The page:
Sodalities were very much part of the Catholic faith throughout the 50s. There were usually three every month with the men, women and children having alternative weekends. People went to Confession on Saturday, either at midday or in the evening and then everyone received Communion on Sunday morning. All the seats at the front of the Church were reserved for whichever groups were having the sodality. On sodality day the group would display banners on the edge of the seats to indicate their respective townlands or villages. Each village or townland had a sodality promoter.
The women used to wear special sodality medals on their day. The sodality was a type of regimentation, to facilitate the receiving of Confession and Holy Communion. However, all this was to change after the Second Vatican Council in 1966 when it was decided that it would be better for people to receive the sacraments and attend Mass as a family unit. Consequently the sodality was overtaken by the family but the modern day reality is that this has not really worked in the way that Vatican envisaged it would.
I always enjoyed the Station Masses. They had the potential to bring neighbours together both in the practice of their faith and socially. Bishop Michael Browne wrote a dissertation on the Station Mass for the Vatican. At that time this type of Mass was unique to Ireland. Vatican II embraced the idea completely because it brought the Mass out to the people. They stipulated that it would be known henceforth as the Neighbourhood Mass and envisaged that its appeal would become universal in due course.
I also have very fond memories of all the processions which took place in Tullycross over the years. Many people used to paint their houses specially for the procession, and put up streamers and flower boxes to mark the occasion. I can especially remember the Children of Mary taking part in these processions. They were a group of young women who had taken a simple vow of chastity prior to marriage. They all wore blue capes and sodality medals. At the Corpus Christi procession in Clifden a special place was always reserved for the Children of Mary. To me, these processions were always symbolic of God moving among his people in the Eucharist.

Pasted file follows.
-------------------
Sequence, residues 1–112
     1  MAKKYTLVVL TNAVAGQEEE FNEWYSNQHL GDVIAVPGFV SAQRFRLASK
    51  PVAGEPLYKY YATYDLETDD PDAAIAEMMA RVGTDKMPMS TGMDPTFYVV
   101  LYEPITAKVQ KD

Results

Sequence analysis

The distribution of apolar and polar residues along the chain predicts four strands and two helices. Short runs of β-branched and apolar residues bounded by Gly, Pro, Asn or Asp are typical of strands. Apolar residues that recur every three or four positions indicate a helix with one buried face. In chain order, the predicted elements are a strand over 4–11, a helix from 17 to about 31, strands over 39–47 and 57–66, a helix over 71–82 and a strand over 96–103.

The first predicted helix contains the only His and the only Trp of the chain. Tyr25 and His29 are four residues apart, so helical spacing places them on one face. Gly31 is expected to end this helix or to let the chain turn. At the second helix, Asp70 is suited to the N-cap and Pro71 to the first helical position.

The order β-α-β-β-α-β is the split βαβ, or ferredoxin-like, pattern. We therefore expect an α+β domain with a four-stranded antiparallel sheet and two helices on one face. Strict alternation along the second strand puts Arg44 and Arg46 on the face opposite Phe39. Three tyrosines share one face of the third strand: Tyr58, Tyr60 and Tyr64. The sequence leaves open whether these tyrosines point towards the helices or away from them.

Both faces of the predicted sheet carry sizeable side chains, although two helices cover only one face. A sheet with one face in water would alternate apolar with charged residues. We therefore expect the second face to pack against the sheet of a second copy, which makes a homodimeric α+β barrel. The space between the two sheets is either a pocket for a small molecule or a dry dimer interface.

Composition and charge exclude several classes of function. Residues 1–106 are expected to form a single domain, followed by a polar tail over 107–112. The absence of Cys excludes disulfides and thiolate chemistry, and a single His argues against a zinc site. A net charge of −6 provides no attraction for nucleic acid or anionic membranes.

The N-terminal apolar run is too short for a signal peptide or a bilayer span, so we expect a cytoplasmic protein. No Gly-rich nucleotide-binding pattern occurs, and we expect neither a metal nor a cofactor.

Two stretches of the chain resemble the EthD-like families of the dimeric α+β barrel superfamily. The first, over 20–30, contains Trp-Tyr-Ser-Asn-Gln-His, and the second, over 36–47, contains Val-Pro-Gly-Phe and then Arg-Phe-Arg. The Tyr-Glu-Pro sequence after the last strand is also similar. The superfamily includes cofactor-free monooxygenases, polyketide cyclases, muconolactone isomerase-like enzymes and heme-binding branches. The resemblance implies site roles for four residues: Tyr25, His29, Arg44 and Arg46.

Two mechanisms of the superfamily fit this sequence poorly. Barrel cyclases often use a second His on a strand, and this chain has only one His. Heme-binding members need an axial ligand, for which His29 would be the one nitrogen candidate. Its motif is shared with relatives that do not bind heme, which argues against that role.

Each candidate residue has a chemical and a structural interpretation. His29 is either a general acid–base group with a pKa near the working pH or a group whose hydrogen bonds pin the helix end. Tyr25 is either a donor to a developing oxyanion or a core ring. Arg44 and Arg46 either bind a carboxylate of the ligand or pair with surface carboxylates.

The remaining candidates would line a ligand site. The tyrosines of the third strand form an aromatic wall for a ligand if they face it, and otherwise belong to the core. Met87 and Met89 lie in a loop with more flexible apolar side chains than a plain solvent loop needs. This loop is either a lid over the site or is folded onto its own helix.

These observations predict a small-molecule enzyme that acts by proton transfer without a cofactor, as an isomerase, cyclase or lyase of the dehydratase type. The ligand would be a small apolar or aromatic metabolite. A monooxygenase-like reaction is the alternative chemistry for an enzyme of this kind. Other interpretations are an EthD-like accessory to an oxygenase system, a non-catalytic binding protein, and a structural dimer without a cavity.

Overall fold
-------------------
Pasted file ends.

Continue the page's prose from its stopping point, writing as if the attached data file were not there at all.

The Parish Mission arrived in Tullycross every four or five years. My role was to select the missioners from the various orders and to advertise their coming well in advance, thereby creating a sense of anticipation, excitement and maybe even a little trepidation. The missioners, who were specially trained for their particular type of work, were famous for their loud voices and colourful oratory. They would attempt to rouse up the people who were becoming a little bit lax in their faith. They tried to preach positive sermons which would be of practical use to their congregation. However their style always tended to be very authoritarian and these ‘Hellfire Sermons’ as they came to be known often caused people to be frightened and upset because of their presentation. The Mission usually lasted two weeks with one week for the men and one for the women. It was common practice for the missioners to visit parishioners who were not attending Mass or receiving the sacraments. The missioners would try to persuade these people to go back to the outward practice of their faith. During the mission fortnight there were always stalls set up in the churchyard. Every family usually bought a new religious picture and a pair of rosary beads to mark the mission. There was also a tradition synonymous with the mission, of people exchanging religious gifts. There were many yarns and stories told at the Mission which caused great enjoyment when they were told and retold in later years.
Remembered by Fr Stephen Ludden and written by Paul Gannon
Full Version available in “The Way it Was”